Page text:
FOR IMMEDIATE RELEASE
Contact: AARP Media Relations, 202-434-2560, email@example.com
More than 70 percent of the 76 million baby boomers in the U.S. report buying music in the past year, making it the most important buying segment for CDs and an increasingly important market for digital downloads, according to a new study. Consumer surveys focusing on music purchasing habits of baby boomers were conducted by The NPD Group for the "Boometrics" study, on behalf of National Association of Recording Merchandisers (NARM) and AARP.
"While the recording industry struggles with piracy and sharing among younger consumers, there's at least one group with the income and inclination to pay for music," said Russ Crupnick, entertainment industry analyst for The NPD Group. "Most baby boomers are still buying only CDs, but many have also begun to add digital tracks and subscriptions to their music-buying mix."
The report clearly refutes common assumptions that interest in music wanes among a more mature audience. In fact, baby boomers (born between 1941 and 1964) now account for a third of all music sales. Additional highlights from the survey include the following:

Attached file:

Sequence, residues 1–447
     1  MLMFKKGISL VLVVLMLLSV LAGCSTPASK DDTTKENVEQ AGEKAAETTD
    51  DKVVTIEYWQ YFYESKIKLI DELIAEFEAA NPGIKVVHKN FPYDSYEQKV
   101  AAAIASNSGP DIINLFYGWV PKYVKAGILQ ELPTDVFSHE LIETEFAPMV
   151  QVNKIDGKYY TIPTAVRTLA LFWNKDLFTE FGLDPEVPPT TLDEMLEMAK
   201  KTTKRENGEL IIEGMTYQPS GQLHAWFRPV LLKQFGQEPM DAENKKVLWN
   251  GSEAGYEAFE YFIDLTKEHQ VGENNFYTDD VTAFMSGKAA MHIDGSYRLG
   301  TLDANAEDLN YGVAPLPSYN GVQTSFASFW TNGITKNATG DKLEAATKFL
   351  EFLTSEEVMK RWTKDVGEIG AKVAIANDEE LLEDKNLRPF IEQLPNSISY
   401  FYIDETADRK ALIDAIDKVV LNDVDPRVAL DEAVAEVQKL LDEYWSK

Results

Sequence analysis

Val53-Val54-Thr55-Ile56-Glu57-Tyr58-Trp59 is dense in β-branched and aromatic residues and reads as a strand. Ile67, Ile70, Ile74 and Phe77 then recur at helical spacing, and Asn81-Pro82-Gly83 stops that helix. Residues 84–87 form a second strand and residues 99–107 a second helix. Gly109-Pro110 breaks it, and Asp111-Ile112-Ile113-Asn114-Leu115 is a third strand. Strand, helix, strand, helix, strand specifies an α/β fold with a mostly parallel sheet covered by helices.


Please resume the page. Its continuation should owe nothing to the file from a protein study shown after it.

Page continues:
- When purchasing music, more than two-thirds of boomers (68 percent) purchase only CDs, but 26 percent purchase both digital music and CDs, while just 6 percent purchase only digital music downloads.
- Nearly 40 percent of boomers report that they regularly visit the music retailers or the music section of retail stores.
- Most baby boomers surveyed listen to music while driving, and nearly half of the respondents expressed interest in buying new compilations from their favorite artists or genre.
"Music is central to the lives of a majority of baby boomers; however, like anybody else, they can become complacent, given all the music that surrounds them," said Jim Donio, NARM President. "This report proves that there is an increased need and urgency for the music industry to improve the way it communicates, merchandises, and markets to this age group. I believe that the retail community, in conjunction with the labels, can play a large part in shifting these perceptions, revitalizing music sales among those boomers who are not currently purchasing, and helping current purchasers discover even more music product."
NPD projects that improvements in available product and support for boomer buyers could yield conservatively $700 million to $1 billion in potential incremental sales of both CDs and digital downloads from baby boomers.
"The buying power of these consumers must be respected and their wants and needs must be understood and addressed by the industry," said Emilio Pardo, Chief Brand Officer, AARP. "This report goes a long way to show just how much the music industry depends on the baby boomer consumer. They are deeply connected to the music they grew up with, continually seek new artists, and are open to the latest digital delivery channels. The industry would do well to keep boomers top-of-mind when it comes to the music that makes its way to retail outlets - both brick-and-mortar and online."